I get questions all the time from readers, friends and family regarding my menu planning strategies. To some, it may seem that menu planning, grocery shopping and cooking dinner every night require tons of thought, time and effort on my part. On the contrary, I find that planning such things ends up saving lots of time and money in the long run. So I thought a post explaining my thoughts, tips and tricks might be a useful resource for some readers.
Why I Plan a Weekly Menu
We all have to eat everyday. It’s one of our most basic human needs. But just because it’s a need doesn’t mean it can’t be enjoyable. In fact, I think it absolutely should be! I never want to fall into a rut where we make the same things over and over (and over…) because there are just so many wonderful meals to try. As much as I love pasta, I don’t want to eat it every night of the week. When I plan our menus I make sure there is variety, with different types of meals throughout the week. If we have a high fat meal one night, I try to counterbalance with lighter meals the rest of the week. I aim to incorporate a variety of proteins as well as vegetarian meals into the rotation to keep things interesting.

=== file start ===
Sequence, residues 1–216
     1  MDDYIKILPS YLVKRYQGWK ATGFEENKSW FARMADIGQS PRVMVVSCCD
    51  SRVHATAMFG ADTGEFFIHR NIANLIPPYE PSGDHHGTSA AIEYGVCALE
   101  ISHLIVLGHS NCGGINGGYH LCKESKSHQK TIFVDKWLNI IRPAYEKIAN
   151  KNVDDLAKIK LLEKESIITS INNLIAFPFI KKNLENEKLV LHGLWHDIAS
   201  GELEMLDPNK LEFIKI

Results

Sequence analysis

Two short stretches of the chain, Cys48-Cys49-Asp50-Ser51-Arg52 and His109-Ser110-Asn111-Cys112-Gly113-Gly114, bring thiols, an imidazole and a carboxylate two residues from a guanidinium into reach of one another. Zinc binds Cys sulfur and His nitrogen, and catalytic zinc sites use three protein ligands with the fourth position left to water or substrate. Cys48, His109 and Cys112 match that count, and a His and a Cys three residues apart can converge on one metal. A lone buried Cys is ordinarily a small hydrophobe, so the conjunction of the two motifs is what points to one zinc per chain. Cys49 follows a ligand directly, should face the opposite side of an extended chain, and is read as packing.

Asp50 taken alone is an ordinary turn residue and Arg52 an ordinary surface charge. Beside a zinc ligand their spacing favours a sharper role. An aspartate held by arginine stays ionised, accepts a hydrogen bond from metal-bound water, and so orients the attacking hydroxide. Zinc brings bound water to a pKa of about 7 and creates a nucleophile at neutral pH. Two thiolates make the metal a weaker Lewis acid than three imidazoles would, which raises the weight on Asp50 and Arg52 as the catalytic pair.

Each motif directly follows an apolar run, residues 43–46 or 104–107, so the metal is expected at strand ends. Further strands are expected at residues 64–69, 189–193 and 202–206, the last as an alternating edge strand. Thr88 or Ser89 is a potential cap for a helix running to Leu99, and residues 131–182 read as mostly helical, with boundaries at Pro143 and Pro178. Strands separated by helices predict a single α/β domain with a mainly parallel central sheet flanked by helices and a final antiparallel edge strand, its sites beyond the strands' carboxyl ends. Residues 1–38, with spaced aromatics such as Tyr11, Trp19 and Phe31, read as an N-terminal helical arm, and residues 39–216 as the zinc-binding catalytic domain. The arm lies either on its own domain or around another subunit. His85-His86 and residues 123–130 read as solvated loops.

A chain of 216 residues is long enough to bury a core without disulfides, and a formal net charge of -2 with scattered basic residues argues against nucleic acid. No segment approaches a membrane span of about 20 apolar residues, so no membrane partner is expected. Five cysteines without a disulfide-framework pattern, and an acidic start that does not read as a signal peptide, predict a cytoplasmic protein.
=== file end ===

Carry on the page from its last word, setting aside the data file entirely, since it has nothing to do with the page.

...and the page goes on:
Cooking at home is both more economical and healthier than eating foods from restaurants (or frozen or processed foods.) I feel so much better making all our food and knowing exactly how it was prepared. In addition to planning main dishes, I plan all our side dishes too. It helps ensure that we are eating the right amount of fruits and vegetables, and keeps every meal well rounded. This is for the health of myself and my family. As for the cost factor, I can feed our family of three (including a lot of baking for others) on $80-120/week for breakfast, lunch and dinner. Pretty good deal, if you ask me. Not to mention, if you already spent the money on groceries, you’ll be far less likely to head out to a restaurant.
My free time often feels nonexistent, so it is imperative that I use my time wisely. By planning a menu, making a shopping list, doing one grocery trip per week, and knowing what meal I will be cooking each night, I save lots of time that could be wasted running to the store for little trips or standing in front of the refrigerator wondering what to make each night.
The Process - Planning the Menu
Now that you know why I plan a menu, here are the things I take into consideration when planning. (I realize it seems I spend a ridiculous amount of time thinking about food but after all, I’m a food blogger. It’s what I do.)
What sounds good? Always the first thing I think about. Anything I’ve been craving, it goes on the menu.
How busy is the week? Some weeks are busier than others, and that definitely needs to be taken into consideration. If I have a lot of other commitments, there is no way I’m spending more than 30 minutes on dinner (but I still make it – just plan simple meals!)
What ingredients do I have around? I’ve found anytime I focus on using items I already have on hand, our grocery bill is significantly lower.